Foundations of Crisis

Everybody wants predictions. The following article does a little better than that, in that I wrote it back in November of 1997, outlining several theories of history, and pointing to a logical way of anticipating what will likely happen to the world at large over the next generation.

As you will read, the methodology I relied upon for anticipating the events that are now unfolding – 11 years later – were actually quite accurate, confirming, in my mind at least, that now is a time to be very cautious in your personal and financial affairs.

The article is unaltered in its text from the original, though I have added some current commentary in bold italics.

Foundations of Crisis

“Don’t know much about the Middle Ages, look at the pictures an’ I turn the pages. Don’t know much about no rise and fall, don’t know much ‘bout nothin’ at all.

— “Wonderful World,” Sam Cooke

The lyrics quoted above probably describe the average American’s knowledge of history about as well as any academic study. Not only don’t they know anything about it, and think it’s irrelevant, but what they do know is inaccurate and slanted. And they must not think very much about the future either if the amount of consumer debt out there, mostly accumulating at 18% interest, is any indication.

One point of studying history is that it gives you an indication of what’s likely to happen now, if you can find an appropriate analog in the past. This is a tricky business because as you look at factors contributing to a trend, it’s not easy to determine which ones are really important. Making that determination is a judgment call, and everyone’s judgment is colored by his worldview, or Weltanschauung as the Germans would have it.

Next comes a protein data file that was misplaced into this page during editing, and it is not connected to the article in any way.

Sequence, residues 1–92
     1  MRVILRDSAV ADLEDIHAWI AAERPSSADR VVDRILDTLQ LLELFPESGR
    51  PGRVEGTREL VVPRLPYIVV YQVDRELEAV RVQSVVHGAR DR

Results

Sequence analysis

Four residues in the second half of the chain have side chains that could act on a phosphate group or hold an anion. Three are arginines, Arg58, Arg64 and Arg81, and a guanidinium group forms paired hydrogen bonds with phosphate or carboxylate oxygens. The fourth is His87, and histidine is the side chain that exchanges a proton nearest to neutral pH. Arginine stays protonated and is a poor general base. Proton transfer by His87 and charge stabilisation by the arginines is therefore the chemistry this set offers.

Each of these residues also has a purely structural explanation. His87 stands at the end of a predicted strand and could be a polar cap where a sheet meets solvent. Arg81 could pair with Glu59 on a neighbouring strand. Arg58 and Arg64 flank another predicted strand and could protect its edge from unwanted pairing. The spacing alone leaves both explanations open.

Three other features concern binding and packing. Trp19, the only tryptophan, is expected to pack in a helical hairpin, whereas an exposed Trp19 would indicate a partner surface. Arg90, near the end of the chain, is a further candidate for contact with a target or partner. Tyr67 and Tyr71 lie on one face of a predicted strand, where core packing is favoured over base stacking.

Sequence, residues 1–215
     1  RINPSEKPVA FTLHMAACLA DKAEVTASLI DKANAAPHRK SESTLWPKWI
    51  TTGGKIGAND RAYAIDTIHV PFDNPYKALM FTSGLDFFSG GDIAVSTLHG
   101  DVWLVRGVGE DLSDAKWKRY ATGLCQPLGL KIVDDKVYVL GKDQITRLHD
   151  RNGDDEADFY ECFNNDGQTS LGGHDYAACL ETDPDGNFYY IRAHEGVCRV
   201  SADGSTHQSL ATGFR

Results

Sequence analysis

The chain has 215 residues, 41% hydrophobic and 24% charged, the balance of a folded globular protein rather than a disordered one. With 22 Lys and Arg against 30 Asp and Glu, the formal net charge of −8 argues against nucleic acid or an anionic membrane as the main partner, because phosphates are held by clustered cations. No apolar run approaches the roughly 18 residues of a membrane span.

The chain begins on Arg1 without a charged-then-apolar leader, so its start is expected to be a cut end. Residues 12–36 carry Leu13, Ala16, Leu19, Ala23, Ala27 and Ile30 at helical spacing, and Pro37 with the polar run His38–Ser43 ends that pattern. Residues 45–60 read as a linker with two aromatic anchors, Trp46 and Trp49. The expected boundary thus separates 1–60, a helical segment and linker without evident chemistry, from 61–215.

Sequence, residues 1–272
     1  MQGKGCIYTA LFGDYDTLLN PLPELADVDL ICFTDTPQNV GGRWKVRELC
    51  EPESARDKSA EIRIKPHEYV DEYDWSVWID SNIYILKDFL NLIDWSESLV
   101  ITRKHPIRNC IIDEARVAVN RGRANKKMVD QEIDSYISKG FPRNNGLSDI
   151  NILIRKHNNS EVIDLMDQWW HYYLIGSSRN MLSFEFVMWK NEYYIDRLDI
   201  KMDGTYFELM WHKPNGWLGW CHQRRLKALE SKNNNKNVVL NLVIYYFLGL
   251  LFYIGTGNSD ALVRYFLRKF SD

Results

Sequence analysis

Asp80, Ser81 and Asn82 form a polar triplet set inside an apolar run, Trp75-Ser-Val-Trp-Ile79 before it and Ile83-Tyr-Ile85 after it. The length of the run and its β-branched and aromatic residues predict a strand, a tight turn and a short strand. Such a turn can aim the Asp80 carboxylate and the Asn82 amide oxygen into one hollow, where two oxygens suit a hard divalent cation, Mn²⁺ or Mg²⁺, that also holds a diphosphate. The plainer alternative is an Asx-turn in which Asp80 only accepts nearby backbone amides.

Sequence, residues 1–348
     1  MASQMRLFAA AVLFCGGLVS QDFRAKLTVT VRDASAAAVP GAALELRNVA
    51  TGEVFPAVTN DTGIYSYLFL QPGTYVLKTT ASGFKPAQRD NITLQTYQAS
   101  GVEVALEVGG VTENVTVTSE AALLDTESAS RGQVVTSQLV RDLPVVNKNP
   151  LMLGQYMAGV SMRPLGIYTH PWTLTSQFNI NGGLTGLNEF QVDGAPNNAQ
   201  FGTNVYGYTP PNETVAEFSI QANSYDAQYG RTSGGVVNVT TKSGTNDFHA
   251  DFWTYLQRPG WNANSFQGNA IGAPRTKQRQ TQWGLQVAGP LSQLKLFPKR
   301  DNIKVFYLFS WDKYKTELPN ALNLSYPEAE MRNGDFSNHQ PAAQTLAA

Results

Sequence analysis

Let me briefly spell out my Weltanschauung so you can more accurately determine how it compares with your own, and how it may be influencing my interpretation of the future.

I’m intensely optimistic about the long-term future. It seems to me a lock cinch that the advance of technology alone – and nanotechnology in particular – will result in a future of incredible abundance and prosperity, and that alone will solve most of the problems that plague us. Space migration, intelligence increase, and life extension will be commonplace realities. These things, plus the growth of both knowledge and its accessibility and the concomitant rise of the individual from the group, will constantly diminish politics as an element of life. The future will be much better than anything visualized on Star Trek, and will arrive much sooner. That’s the good news.

The bad news is that within the longest trend in history, the ascent of man, there is plenty of room for setbacks, and much of history is a case of two steps forward and one back. My gloomy short-term outlook, and my reasons for maintaining it, is recounted here monthly. Whether it’s right or wrong, from an investor’s point of view, the short term is more relevant than the long term. Notwithstanding Warren Buffett’s great success in going for the long term, Keynes was right when he said that in the long run we’re all dead. History shows that goes for civilizations as well as people. The problem is that our civilization is probably just now on the cusp of the long term.

Hari Seldon: Where Are You When We Need You?

Isaac Asimov’s classic Foundation trilogy centers around a scientist, Hari Seldon, who invents a science called psychohistory, which allows the fairly accurate prediction of broad trends in society going for centuries into the future. Seldon lives on Trantor, the planetary capital of a galactic empire; the entire planet is covered with a high-tech version of Washington, D.C., devoted to nothing but taxing and regulating the rest of the galaxy. Seldon forecasts that the empire will collapse and Trantor turn into a gigantic ghost town. And of course that’s what happens, because it’s a novel, and that makes for a good story. It’s a good story because it’s credible, and it’s credible because people know nothing lasts forever, and there is a cyclicality to everything; birth, youth, maturity, senescence, and death. These stages are shared by everything in the material world, whether it’s a person, a city, a civilization, or a galaxy. It’s just a question of time and scale.